South Africa: 'We Cannot Risk Our Lives By Drinking Dirty Water'

People queue at a shack in Missionvale to buy municipal water.
23 September 2020

Residents of Mngazana village in Port St Johns say water from their communal taps is unusable.

The community hires cars to collect water.

The ward councillor blames the poor water quality on theft and vandalism.

Mngazana village residents in Port St Johns say the water from communal taps which were installed more than a year ago is dirty and oily.

"I do not know if these people are trying to kill us," said 34-year-old resident Mzimasi Mgijima.

Bongani Tyhalibhongo said the community was initially excited when the taps were installed. He said that when they informed the councillor about the water issue, they were told the problem was caused by vandalism at the water pump house.

"Some would think that we get the water every day but it is not the case. We go weeks without getting any water," he said. Tyhalibhongo said residents were often unable to cook or do laundry with the water.

Another resident Nomvuzo Siko said: "If you look at the bucket you use to fetch that water you will see something that looks like salt, how can we use that water? It's not safe and we cannot risk our lives by drinking dirty water."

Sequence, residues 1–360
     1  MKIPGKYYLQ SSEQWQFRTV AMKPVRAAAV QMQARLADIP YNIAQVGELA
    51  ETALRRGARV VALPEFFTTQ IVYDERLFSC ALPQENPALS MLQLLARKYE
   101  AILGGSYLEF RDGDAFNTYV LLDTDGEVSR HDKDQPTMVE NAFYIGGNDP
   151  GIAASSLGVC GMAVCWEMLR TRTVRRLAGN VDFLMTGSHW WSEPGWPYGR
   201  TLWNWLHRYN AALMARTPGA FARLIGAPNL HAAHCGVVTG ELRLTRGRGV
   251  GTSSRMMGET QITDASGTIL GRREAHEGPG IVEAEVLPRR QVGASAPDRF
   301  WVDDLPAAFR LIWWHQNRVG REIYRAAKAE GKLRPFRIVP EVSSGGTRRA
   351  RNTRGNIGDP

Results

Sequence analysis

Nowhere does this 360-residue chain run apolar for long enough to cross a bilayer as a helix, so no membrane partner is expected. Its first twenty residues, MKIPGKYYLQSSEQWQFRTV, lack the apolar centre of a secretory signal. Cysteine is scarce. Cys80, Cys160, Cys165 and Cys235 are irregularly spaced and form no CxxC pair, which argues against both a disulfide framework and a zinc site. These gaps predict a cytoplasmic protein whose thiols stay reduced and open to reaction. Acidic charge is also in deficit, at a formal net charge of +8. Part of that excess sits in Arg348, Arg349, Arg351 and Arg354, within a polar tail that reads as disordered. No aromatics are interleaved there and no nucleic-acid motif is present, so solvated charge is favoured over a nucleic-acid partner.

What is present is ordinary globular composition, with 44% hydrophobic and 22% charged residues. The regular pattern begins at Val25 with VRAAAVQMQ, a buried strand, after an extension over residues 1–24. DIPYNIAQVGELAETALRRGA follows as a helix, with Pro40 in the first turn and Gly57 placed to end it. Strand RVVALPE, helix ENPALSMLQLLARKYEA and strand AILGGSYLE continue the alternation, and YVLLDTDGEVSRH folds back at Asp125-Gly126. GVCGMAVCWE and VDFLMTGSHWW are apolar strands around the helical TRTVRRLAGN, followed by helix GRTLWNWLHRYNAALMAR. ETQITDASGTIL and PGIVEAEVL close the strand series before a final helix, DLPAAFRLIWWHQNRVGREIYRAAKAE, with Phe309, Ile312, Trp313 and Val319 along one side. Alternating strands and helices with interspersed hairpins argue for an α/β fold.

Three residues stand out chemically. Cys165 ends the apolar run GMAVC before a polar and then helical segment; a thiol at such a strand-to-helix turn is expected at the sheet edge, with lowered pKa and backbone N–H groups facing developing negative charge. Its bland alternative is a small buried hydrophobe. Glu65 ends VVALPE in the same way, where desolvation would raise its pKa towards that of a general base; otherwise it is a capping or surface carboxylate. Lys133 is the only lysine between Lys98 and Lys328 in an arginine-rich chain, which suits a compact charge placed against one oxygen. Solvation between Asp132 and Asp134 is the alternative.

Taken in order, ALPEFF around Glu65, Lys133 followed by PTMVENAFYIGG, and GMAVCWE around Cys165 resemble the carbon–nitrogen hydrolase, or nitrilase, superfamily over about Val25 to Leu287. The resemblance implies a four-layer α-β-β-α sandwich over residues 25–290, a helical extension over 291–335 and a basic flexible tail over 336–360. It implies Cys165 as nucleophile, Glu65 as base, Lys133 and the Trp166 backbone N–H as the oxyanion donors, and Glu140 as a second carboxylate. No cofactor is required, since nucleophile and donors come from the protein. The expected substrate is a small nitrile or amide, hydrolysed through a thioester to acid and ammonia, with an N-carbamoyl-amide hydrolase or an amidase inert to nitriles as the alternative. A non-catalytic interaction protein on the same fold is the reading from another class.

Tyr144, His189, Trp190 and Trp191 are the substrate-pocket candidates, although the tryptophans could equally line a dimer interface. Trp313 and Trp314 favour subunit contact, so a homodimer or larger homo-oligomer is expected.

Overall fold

Siko said they often hire cars at a fee of R200 to fetch water for them. "I do not see myself voting next year. I have been voting with the hope that people from rural areas will be taken seriously but I was wrong. We are in deep rural areas, so if we protest no one will take us seriously," she said.

Ward councillor Zolile Maqina said that the water could not be purified because the pipes were vandalised by residents.

"We have been doing a lot of awareness about the importance of protecting things that are there to assist them but sadly only pastors and residents attend these awareness [meetings]," he said.

"We cannot keep fixing the same thing over again. We are going to ask SAPS to visit the people that we think are involved in these [thefts]," he said.

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